Preparing for a Post-Quantum World

We continue to follow progress as the U.S. government and industries to prepare for a post-quantum world in which a powerful new breed of computers, capable of cracking current encryption algorithms in a matter of minutes, will be available for use. Some experts predict that quantum computing may be a reality within five years, which isn’t that far away. And even if quantum computing resources are not widely commercialized, those resources may still be accessible to large companies, research institutions, and government agencies.

When that happens, if new quantum-proof encryption algorithms have not been developed, tested, and implemented, information that is stored in network-accessible systems, or that traverses the public internet, will be as vulnerable as plaintext files.

If at First You Don’t Succeed…

Finding a new encryption standard that can stand up to a quantum computer is no easy task. The National Institutes for Standards and Technology (NIST) has been running a contest of sorts—think of it as America’s Got Talent for cryptography—to find such an algorithm. Recently the field had been narrowed to four finalists, but illustrating the difficulty of developing a post-quantum standard in a pre-quantum world, one group had its algorithm rejected when, according to Ars Technica, it was cracked in under an hour using a regular desktop computer.

As they say, “Back to the old drawing board.”

Despite the challenges NIST faces, other agencies are hard at work trying to raise awareness of the threats to information security associated with quantum computing. The Cybersecurity & Infrastructure Security Agency (CISA) just published a paper entitled Preparing Critical Infrastructure for Post-Quantum Cryptography. It opens with ominous context:

“Nation-states and private companies are actively pursuing the capabilities of quantum computers. Quantum computing opens up exciting new possibilities; however, the consequences of this new technology include threats to the current cryptographic standards. These standards ensure data confidentiality and integrity and support key elements of network security. While quantum computing technology capable of breaking public key encryption algorithms in the current standards does not yet exist, government and critical infrastructure entities—including both public and private organizations—must work together to prepare for a new post-quantum cryptographic standard to defend against future threats.”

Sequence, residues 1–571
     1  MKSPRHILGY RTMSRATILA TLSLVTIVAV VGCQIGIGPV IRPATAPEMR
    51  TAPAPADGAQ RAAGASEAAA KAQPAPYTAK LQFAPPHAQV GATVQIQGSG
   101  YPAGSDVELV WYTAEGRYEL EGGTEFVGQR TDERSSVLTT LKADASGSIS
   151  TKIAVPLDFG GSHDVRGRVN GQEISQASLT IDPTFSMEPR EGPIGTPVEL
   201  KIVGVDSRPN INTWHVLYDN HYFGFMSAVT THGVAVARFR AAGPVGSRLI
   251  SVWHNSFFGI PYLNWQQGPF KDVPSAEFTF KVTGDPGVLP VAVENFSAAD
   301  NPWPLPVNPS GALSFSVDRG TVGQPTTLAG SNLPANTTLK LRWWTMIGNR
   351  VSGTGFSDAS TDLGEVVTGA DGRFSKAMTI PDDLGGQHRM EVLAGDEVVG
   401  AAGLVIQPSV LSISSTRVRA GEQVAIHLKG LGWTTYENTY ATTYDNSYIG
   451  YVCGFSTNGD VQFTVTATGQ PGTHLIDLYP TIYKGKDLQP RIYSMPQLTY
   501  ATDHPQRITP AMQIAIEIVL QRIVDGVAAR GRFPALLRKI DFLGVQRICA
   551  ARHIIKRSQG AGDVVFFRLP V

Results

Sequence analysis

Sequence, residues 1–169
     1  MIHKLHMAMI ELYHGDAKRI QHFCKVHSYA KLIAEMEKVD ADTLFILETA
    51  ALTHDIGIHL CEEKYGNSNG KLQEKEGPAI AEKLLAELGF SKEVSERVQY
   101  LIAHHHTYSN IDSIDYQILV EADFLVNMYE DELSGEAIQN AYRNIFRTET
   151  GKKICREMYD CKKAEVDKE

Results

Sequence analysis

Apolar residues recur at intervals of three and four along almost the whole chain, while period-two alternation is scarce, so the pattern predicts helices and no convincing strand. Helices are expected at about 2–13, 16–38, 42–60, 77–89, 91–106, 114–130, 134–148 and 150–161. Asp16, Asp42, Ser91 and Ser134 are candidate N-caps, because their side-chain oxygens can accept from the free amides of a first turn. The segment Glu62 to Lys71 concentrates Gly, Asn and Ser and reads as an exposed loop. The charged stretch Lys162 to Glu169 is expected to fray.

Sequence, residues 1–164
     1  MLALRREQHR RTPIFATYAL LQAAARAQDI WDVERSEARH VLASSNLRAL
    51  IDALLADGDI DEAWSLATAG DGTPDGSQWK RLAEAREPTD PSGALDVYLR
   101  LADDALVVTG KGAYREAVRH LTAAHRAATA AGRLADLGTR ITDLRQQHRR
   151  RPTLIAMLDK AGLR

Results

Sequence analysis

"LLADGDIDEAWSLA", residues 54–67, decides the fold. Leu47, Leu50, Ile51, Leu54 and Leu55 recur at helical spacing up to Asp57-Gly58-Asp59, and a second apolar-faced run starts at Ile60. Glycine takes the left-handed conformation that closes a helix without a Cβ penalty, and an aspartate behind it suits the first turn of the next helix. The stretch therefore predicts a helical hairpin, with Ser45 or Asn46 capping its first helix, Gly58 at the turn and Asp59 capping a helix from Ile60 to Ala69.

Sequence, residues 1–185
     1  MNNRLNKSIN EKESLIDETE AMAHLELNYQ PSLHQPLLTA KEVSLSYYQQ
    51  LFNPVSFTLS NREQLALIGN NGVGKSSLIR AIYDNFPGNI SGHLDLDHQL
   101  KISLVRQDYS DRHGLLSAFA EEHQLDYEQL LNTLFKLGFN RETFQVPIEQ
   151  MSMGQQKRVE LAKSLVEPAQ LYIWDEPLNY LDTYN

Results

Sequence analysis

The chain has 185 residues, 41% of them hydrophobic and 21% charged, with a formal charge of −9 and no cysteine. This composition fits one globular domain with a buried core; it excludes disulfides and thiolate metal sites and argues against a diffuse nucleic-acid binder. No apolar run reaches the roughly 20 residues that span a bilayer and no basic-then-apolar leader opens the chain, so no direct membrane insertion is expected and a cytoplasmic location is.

Quantum Computing’s Ticking Time Bomb

The CISA paper is worthwhile as it describes the post-quantum threat in accessible terms, outlines a number of potential impacts associated with the obviation of current encryption standards, and outlines recommended actions based on where we are now in the evolution toward a day when the threat becomes reality.

One interesting scenario the paper addresses is that of what is known as the “post-quantum time bomb.” That is the harvesting of encrypted files containing highly sensitive information with a long shelf life: state and military secrets, intellectual property (IP), personally identifiable information (PII), and the like. Even though those files are unreadable now, when quantum computing becomes viable, those harvested files will be easily decrypted. Knowing that this practice is already happening in anticipation of those capabilities, it puts a premium on keeping data security practices up-to-date to minimize the threat of capture for future compromise.

Coviant Software recommends downloading the paper, if only as a primer on post-quantum and its implications. We will all be affected eventually. Knowing that, we have an obligation to be prepared.